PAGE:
• Maserati & Love Water Reeling In The Miles


    Where to start today? With two distinct groups on the water it’s difficult to give a single overview, so once again I will cover the two groups separately.

    But before that one just has to stand back in awe at the sheer speed and distance covered by the two big dogs, ‘Maserati’ and ‘Love Water’ as they are stripping miles off the chart quicker than a marauding gamefish strips line off a reel!

    ‘Love Water’ has covered 1110nm since the start and ‘Maserati’ 1072nm – all this in less than 48 hours at sea. That’s shunting as the last tracker ‘ping’ showed them doing 19.7 knots and 20.5 knots respectively and still heading towards the 20S line of latitude. To really put this in perspective the YB Tracker also shows them just astern of the fleet which started 9 days ago now – and who by nightfall will be a memory to these two big dogs.

    Guido Broggi, boat captain of Maserati Multi 70, explains the damage suffered to the piston of the foil at the start of the Cape2Rio 2020 and the solution found by the Italian Team.
    At 12 UTC Maserati Multi 70 sails 37 miles ahead of its competitor LoveWater. The wind is falling, except for a few lumps, and the Italian trimaran sails between 20 and 30 knots of speed.

    So in amongst the ‘northern fleet’ we are now, and how demoralising it must be to hear, or even see, a massive trimaran blast through as if you are standing still. Life is about choices – some take it at breakneck speeds while others at a more leisurely pace! I know which I would rather be on right now!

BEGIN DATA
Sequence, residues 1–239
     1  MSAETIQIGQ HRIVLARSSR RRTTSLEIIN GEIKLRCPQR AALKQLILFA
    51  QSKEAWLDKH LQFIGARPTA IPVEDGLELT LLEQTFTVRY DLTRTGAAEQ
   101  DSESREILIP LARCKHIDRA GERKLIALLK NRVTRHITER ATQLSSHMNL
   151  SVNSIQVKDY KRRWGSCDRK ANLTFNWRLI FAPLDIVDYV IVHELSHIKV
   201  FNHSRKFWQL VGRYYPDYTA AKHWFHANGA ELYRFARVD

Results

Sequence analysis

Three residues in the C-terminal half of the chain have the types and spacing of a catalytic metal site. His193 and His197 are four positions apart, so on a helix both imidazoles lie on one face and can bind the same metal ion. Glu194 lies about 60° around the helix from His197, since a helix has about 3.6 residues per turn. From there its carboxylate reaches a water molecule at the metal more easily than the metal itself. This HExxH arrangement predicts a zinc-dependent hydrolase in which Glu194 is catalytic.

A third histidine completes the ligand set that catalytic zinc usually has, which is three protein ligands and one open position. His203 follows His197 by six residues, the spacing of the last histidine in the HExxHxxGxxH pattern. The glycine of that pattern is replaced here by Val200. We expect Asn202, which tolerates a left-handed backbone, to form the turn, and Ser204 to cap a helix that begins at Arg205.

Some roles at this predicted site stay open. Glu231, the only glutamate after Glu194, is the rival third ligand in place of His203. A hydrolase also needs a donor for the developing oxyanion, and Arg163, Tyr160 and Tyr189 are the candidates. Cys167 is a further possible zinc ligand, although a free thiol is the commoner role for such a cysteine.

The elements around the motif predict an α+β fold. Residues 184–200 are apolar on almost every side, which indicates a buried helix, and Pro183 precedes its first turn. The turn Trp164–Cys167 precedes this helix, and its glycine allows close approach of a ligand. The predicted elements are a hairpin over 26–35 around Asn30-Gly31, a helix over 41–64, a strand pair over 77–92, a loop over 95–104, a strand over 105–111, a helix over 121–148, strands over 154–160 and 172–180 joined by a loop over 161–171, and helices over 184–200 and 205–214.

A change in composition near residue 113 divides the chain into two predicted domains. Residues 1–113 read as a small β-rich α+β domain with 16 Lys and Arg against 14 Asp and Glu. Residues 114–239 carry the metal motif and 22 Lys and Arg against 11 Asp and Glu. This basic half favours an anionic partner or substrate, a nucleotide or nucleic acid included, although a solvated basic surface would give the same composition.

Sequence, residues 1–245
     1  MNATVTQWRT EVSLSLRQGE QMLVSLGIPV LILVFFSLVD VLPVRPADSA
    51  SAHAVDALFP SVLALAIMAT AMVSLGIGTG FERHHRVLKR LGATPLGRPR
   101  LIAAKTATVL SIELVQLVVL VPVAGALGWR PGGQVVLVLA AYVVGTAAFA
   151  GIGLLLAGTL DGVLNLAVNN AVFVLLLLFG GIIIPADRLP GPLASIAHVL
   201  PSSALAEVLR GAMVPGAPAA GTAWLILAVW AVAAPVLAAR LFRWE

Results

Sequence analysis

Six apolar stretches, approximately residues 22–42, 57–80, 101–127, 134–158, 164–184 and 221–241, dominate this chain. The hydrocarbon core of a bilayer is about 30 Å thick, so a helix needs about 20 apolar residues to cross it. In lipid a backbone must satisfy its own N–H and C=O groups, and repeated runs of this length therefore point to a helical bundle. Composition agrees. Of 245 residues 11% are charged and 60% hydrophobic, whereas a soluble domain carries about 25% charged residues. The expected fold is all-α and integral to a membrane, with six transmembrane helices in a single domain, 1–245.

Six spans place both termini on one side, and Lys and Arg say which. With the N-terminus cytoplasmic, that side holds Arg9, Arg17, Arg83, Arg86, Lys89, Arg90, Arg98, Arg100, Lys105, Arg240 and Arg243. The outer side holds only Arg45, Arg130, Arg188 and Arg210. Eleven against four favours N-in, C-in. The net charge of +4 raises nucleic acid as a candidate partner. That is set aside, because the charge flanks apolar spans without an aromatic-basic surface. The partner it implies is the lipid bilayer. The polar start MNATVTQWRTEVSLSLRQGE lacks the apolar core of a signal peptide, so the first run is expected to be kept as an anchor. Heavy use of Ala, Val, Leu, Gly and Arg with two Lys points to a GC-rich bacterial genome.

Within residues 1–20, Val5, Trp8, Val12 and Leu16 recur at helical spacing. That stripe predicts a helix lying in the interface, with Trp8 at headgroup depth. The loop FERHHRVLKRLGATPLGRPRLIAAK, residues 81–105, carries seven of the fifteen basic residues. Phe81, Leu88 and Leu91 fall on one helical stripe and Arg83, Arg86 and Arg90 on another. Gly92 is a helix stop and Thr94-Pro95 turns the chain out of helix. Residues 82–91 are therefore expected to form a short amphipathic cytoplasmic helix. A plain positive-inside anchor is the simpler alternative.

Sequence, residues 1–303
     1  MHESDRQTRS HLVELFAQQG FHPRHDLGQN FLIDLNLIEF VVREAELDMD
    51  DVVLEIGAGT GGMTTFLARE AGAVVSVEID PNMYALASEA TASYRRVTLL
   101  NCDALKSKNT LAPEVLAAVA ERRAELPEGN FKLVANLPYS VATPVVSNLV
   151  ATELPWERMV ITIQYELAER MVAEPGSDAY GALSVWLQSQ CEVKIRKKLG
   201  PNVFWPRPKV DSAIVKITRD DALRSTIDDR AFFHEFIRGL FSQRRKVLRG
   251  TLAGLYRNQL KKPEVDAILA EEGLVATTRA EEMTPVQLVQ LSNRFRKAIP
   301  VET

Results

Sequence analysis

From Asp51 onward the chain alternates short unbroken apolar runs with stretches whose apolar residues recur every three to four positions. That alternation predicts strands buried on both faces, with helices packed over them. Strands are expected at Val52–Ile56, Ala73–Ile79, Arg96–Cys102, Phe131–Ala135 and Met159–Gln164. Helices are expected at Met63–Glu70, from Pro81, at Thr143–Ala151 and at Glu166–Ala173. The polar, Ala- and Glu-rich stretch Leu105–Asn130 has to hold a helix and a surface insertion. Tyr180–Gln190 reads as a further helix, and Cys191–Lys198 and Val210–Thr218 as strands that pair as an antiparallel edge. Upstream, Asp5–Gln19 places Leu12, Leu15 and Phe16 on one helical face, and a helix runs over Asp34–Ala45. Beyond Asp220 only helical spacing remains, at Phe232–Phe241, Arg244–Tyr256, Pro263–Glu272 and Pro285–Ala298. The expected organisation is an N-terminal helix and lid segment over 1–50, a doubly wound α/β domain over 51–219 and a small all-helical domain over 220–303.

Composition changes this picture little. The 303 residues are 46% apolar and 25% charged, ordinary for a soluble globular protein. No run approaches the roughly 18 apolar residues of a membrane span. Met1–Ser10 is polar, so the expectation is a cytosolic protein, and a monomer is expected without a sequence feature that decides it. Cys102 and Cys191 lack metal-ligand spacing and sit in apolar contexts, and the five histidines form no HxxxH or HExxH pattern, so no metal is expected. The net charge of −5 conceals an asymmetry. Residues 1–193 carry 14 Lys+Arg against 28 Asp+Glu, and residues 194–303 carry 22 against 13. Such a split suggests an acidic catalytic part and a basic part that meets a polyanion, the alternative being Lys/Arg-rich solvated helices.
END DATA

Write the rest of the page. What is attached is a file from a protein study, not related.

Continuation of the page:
Of the three boats we have spoken about most in this ‘northern fleet’, and especially the monohulls, ‘JM Busha 54′, ‘Mojie 1′ and ‘Umoya’ are still out front in this fleet, but now suffering overall on handicap when one considers the newcomers to the fray in the ‘southern fleet’. But what stands out for me is how badly off the pace ‘Umoya’ has been for the past 36 hours, and how ‘JM Busha 54′ is making a comeback, still as the most northerly boat, and also the boat with the biggest distance covered in the last 24 hours of 195nm. That’s good going for a small boat, with this resurgence catapulting them up the leader board and being ahead of their rivals for the first time in some days.
    First across the Meridian and into the west was ‘Sulanga’ and then ‘Mojie 1′, with several boats closing that imaginary line down fast and crossing it during the day.

    So further south, and soon to put their first 48 hours at sea behind them is the ‘southern fleet’ being led by the two-handed crew of ‘Mussulo 40′ which also wears the leaders crown in the two-handed fleet.

    Wearing the leaders crown in the monohull division is still ‘Zulu Girl’ with an impressive 205nm under her keel in the past 24 hours. Judging by the reports and pics coming off this boat, her crew are having the adventure of a lifetime – and loads of fun too.

    A little snippet I noticed from the tracker when drilling down is that it shows ‘Love Water’ with an estimated finish date of 21 January – and immediately below that ‘Rotary Scout’ with an estimated finish date of 21 February – a full month later. It’s a slow passage for the Scouts I am afraid.

    The race is unravelling fast with the strategies of the various boats only likely to be revealed by the end of the week. There is everything to play for and no time to slack off.

    Richard Crockett


    Today's leaderboard and report- back from the fleet:
    𝘱𝘩𝘰𝘵𝘰 𝘤𝘳𝘦𝘥𝘪𝘵: 𝘓𝘢𝘶𝘳𝘪𝘶𝘮 𝘊𝘢𝘱𝘪𝘵𝘢𝘭 𝘔𝘰𝘫𝘪𝘦

    Spinaker ready now
    Best regards

    𝗔𝗹𝗺𝗮𝗴𝗼𝗿𝗲𝘀 𝗜𝗜: